I would like a script or block of text that is nicer than "No."

Trying to keep the number of table rules and exceptions to a minimum requires turning down requests for mechanical changes.

All such requests are uniformly rejected.

Thematic re-skinning of existing descriptions are fine (fluff changes), but some requests are outright mechanical changes. What is a brief canned response or block of text that can be used as a more polite alternative to, "No"?

Good Subjective Answer

As per NautArch:

For those answering, please consider applying Good Subjective. You can read more on that in this meta.

  • 3
    \$\begingroup\$ For those answering, please consider applying Good Subjective. You can read more on that in this meta. \$\endgroup\$
    – NotArch
    Oct 10, 2018 at 15:53

5 Answers 5


The most polite response will not be a 'canned' response, as it will address your reasoning for saying "no". Even if the reasoning is "I am trying to limit the number of house rules" players don't like when they have an idea they think is good, but it gets shot down without justification (from their point of view).

That being said...

I get the impression this response is meant for a text message or email?

As with emailing in the workplace, messages containing no punctuation, or only 'periods', are often misconstrued as having a harsher, less empathetic tone. Throw in an "I'm sorry" or an exclamation point to soften the tone of your message.

A 'canned' response that comes off much more polite would be:

I'm sorry! I appreciate your creativity, but I am limiting deviations from published texts to 're-skinning' for flavor only. This will help simplify house-keeping and maintain balance as I do not know the full implications of a change to game mechanics. The Background rules in the PHB are already set up to allow for extensive customization, so I suggest seeing if there is another Background setup which fits what you want to do.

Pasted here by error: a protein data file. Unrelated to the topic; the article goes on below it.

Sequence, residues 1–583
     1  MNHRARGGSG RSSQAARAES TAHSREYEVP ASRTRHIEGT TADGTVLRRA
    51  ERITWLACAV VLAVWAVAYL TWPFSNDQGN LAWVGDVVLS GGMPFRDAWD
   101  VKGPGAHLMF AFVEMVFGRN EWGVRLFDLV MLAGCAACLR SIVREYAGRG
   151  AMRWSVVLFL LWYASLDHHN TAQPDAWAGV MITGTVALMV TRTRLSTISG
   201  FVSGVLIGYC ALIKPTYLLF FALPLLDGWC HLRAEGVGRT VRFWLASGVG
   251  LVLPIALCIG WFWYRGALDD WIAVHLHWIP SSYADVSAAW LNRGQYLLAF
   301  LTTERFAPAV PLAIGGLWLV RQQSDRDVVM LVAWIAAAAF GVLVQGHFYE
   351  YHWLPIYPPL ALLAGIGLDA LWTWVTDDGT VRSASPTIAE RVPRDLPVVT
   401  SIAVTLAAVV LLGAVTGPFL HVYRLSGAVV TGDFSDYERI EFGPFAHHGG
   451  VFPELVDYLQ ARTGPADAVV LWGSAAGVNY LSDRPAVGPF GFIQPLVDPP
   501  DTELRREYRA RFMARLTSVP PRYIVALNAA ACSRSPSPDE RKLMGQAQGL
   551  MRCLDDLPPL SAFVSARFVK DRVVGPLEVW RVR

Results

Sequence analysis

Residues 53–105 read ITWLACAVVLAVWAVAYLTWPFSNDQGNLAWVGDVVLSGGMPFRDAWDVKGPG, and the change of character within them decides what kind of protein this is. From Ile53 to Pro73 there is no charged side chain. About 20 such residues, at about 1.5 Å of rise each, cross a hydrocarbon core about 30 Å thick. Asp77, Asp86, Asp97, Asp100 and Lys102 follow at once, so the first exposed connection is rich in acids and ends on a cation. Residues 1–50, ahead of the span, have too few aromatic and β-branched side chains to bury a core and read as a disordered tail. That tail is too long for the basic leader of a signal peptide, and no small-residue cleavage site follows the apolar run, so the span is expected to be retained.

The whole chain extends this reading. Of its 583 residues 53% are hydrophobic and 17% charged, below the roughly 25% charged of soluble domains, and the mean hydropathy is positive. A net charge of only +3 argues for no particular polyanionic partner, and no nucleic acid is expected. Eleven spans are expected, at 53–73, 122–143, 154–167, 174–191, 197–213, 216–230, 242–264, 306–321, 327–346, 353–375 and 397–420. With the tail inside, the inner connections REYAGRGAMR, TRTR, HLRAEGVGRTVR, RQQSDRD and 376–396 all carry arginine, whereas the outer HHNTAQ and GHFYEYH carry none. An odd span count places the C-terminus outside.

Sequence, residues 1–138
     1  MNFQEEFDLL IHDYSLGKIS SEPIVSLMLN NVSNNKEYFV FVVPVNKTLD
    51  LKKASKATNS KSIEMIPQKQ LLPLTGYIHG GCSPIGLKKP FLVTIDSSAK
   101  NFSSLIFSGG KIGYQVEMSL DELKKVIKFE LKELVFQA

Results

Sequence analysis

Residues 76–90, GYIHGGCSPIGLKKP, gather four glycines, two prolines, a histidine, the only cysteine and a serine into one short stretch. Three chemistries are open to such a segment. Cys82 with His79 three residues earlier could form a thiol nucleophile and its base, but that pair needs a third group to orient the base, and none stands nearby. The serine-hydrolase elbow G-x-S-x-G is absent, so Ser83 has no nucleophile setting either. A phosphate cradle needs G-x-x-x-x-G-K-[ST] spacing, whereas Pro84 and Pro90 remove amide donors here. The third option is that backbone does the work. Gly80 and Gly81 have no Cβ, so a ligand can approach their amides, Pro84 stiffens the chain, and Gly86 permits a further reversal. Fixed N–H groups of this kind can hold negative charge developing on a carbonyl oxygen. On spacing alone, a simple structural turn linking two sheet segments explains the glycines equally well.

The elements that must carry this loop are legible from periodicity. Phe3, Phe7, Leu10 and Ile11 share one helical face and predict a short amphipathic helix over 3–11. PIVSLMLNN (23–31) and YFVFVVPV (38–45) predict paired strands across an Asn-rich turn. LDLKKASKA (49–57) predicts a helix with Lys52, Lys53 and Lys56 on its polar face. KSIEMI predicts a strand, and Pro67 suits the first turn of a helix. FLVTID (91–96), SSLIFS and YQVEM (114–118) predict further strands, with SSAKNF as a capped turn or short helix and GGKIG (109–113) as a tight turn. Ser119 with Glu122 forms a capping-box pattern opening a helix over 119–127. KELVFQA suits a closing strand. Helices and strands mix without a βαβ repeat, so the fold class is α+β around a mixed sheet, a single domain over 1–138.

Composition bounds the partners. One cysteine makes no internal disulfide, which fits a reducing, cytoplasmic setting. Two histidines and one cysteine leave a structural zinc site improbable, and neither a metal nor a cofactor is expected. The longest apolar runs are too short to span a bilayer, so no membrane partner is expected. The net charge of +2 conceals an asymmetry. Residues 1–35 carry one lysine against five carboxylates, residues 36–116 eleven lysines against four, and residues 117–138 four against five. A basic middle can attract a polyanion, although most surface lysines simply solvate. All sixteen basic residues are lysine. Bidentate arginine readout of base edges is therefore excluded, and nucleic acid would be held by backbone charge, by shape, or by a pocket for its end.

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    \$\begingroup\$ That's a great example text, and is exactly what the OP asked for. I'm wondering if "complete customization" is what the PHB offers, because if it was then no one could come up with their own customization, which people regularly do. And specifically the people the GM is responding to would recognize this. Perhaps "extensive customization" is more accurate? \$\endgroup\$
    – lightcat
    Oct 10, 2018 at 18:36
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    \$\begingroup\$ @lightcat That is a great point, and I have included it in my answer. \$\endgroup\$ Oct 10, 2018 at 18:57

What you say at the start of your question is a good "no" explanation that I would find hard to argue with:

  • "I would like to keep the number of house rules to a minimum. You'll have to stick with the rules in the PHB."